One of the most difficult choices is what paint to use, youcould go for use Humbrol Enamel, Humbrol Acrylic, Revell, Railmatch or PhoenixPrecision Paints. We have all probably worked with Humbrol Enamel on Airfixkits in the past so you have a start here on knowing what that is like to workwith. The choice is down again to personal preference, all paints should spraywell once suitable thinned so you just need to find what you like and thecolours they do that suit.
Predominantly I use Humbrol Enamel’s, mainly no; 33 MattBlack, 34 Matt White, 62 Leather, 85 Satin Black and 27004 Metalcote Gunmetalto create weathering. However I also use 27001 Aluminium, 27002 PolishedAluminium and 27003 Polished Steel to show batches of bare metal under paintthat has flaked off, I also have some Railmatch paints which I need to try out– one I have tried is 2415 Oily Steel which looks good on steam engine motionparts.
If you use Humbrol or Revell Paints you will need to mixthem together to get the required colour, but you can make them lighter ordarker to create subtle differences in your work. Phoenix and Railmatch paintswon’t need mixing to create the shades but it makes sense to lighten or darkenthem to again create subtle variations of the shades.
Whatever paint you use, you will need to thin it down so itdoes not clog your airbrush, some people will be thinners to match the paintthe use which can cost the equivalent of £15 litre (and you thought petrol wasexpensive!!) however, you can instead use ordinary white spirit from an DIYstore which costs £8 for a 4 litre. You don’t need to go for big name brands,the shops own budget stuff will do the job just as well.
The white sprits is also useful tool for cleaning theairbrush at the end of each session (VERY important!!!) so it is certainlyworth having. I keep 2 bottles to hand, a big 4 litre of clean white spirit forwashing out the brush and some used white sprits which comes in handy forthinning paint.
Above: This is an unopened pack of DCC Concepts powders“shades of grey” each pack contains 4 pots, a brush, Q-Tips and Cotton Buds soyou have everything you need to get started.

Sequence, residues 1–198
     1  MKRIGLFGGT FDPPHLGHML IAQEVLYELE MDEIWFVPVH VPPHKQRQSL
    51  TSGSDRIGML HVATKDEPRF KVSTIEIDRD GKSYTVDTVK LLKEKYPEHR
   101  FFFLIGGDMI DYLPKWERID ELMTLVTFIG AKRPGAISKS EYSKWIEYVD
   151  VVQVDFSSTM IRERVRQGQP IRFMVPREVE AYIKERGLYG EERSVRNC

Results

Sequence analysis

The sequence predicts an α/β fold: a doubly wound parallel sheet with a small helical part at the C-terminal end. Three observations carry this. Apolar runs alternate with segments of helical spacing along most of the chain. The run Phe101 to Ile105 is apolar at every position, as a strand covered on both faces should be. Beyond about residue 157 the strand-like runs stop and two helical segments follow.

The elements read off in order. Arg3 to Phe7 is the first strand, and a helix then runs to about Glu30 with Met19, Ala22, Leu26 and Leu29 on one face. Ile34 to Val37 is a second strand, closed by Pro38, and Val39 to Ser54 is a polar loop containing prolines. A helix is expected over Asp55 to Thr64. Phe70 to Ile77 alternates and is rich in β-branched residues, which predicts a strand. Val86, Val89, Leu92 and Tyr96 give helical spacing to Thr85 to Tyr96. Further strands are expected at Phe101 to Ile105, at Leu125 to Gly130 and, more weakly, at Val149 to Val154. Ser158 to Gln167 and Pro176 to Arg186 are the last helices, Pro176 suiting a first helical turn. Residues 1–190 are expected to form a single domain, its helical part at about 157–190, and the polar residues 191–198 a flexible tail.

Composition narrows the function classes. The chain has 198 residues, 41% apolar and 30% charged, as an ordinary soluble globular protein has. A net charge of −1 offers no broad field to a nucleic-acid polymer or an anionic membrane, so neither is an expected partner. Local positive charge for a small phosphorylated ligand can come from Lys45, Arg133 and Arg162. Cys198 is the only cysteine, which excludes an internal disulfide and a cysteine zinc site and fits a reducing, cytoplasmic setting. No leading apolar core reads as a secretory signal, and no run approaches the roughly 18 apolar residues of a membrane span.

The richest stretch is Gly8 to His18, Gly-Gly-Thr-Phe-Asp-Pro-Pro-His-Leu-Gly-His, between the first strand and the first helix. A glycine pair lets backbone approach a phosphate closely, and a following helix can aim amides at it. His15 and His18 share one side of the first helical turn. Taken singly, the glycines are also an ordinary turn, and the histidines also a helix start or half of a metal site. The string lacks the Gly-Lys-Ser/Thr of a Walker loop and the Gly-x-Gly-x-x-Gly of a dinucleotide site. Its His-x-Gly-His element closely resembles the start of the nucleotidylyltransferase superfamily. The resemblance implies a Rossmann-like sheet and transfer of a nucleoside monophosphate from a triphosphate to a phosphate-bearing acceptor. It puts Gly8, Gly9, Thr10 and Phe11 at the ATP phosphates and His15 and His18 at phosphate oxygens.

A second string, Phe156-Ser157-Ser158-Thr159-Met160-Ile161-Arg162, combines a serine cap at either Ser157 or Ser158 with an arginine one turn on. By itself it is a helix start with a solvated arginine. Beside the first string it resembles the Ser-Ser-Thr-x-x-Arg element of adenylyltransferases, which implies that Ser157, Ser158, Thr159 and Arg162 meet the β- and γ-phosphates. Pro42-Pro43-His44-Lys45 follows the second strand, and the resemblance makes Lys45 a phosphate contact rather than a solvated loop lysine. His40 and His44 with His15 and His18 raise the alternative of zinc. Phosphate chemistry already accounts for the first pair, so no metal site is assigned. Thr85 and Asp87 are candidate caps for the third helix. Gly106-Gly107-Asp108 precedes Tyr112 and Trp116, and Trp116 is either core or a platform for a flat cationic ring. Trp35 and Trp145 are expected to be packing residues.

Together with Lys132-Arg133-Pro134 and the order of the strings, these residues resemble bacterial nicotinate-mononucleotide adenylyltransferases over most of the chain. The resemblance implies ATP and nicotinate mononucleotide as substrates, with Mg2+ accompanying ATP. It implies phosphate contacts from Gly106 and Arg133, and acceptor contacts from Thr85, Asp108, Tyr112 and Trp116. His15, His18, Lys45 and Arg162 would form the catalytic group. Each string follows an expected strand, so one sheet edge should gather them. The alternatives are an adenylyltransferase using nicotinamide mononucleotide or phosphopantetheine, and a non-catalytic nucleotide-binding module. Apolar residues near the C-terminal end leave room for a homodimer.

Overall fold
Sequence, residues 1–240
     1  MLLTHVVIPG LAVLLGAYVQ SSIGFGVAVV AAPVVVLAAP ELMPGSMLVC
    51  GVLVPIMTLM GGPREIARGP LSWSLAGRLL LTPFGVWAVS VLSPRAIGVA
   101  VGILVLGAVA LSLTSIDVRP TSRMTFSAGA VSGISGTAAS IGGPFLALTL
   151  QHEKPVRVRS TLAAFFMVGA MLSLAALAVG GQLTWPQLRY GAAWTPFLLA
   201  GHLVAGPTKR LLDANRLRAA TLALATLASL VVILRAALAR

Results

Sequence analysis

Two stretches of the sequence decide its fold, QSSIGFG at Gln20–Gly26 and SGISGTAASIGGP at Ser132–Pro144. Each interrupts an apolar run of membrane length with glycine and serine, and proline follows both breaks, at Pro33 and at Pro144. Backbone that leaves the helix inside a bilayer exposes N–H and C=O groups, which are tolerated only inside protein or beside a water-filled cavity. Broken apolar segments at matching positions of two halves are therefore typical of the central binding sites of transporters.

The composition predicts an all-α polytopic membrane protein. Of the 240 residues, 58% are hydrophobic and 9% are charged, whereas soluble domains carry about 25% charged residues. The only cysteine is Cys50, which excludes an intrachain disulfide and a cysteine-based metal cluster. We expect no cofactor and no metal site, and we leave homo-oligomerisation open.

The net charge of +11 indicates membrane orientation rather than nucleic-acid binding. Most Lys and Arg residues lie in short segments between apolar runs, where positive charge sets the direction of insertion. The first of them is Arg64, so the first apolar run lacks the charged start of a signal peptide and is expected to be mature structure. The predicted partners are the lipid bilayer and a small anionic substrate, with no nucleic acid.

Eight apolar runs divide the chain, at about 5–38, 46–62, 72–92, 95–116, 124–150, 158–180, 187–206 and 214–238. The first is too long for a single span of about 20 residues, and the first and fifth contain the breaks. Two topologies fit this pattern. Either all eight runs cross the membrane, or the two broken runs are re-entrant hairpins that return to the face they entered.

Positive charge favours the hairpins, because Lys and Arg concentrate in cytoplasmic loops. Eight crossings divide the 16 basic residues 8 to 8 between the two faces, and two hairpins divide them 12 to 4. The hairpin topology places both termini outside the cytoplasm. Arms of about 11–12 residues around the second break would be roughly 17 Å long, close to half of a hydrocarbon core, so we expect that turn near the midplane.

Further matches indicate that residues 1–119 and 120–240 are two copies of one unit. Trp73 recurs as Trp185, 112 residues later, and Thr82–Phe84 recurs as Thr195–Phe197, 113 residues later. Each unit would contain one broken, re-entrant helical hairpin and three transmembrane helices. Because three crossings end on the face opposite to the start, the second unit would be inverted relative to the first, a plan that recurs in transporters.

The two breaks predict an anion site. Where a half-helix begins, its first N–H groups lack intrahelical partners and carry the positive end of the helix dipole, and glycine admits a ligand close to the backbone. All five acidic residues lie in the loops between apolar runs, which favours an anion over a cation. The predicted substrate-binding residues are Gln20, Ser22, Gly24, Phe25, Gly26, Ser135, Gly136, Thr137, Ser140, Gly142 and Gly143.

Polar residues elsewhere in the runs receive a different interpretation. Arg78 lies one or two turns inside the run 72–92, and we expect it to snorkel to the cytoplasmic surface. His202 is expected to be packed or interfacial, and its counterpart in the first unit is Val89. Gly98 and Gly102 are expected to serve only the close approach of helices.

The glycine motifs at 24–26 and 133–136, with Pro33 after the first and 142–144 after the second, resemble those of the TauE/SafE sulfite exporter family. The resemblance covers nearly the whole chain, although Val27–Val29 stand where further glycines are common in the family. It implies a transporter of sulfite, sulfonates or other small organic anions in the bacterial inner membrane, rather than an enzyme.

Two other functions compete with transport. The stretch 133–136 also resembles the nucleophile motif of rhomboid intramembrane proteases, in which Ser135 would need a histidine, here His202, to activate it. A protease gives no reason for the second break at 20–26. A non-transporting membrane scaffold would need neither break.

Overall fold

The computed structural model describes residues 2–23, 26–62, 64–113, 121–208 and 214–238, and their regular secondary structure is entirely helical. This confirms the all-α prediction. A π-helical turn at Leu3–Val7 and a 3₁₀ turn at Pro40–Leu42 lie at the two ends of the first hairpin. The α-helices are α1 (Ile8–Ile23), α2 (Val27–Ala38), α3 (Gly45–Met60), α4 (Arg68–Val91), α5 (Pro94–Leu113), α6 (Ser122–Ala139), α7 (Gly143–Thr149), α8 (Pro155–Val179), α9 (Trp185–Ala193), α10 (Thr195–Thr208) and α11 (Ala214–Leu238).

Some people will say paints are best, some will say powdersgive the best results. Personally I think the 2 combined is the best wayforward, paint is great for large areas but the powders can really help sealthe deal as it were. I have tried a couple of makes of powders but the one’s Ireally like are DCC Concepts powders, they come in a pack of 4 pots each with adifferent colour or shade in along with some cotton buds and a small brush towork on the powders with. Most modelshops will stock these so they are not a problem getting hold of and the rangeis vast from white to dark red’s and blacks – every colour you would need todirty up a model.
Airfix have recently launched their own set of powders whichare getting good reviews in the model press so I would like to give these a tryat some point.
Above: The inside of a Hornby Sealion Ballast Wagon donewith powders. A mixture of dry and rich rust along with some clay & earthand some different Grey’s achieved this effect. I will try and do a blog oneday showing how it was achieved.
For some people the ideal work place is their garage or shedin the warm and dry utilising a spraybooth, others who don’t use an airbrushmight get away with working on the dining table (if their better half does notsee!) but for me the best place is outdoors.
I bought my first house last year and with it came a massivesouth-west facing garden, this offers me ample space, light and warmth (as longas the sun is out) to work on an old plastic table. Ok this may not be ideal asit means it is now 3-4 months since I last did any weathering but the light isfree and it stops you making a mess of the house. If I had somewhere I couldset up a spraybooth and not have any problems I probably would get one to dosome smaller finer touches in and leave the bigger stages till the warmernights.
There is nothing worse than having to handle a freshlypainted model and ruin your handiwork when you want to turn it round. You canbuy a turntable from places you would buy an airbrush from for about £5, butthese seem to be up to 25cm in diameter, which I think can be a bit short forsome models. I bought a lazy Susan from IKEA for a few pence more and this was39cm diameter so perfect for larger models. All I did was nail a piece of trackto it and it does the job perfectly. Don’t buy good track for fixing to thetable as it will get covered in paint and not be useable after a few sessions, Ijust picked an old piece of track out of the spares box for the job and cut itto length.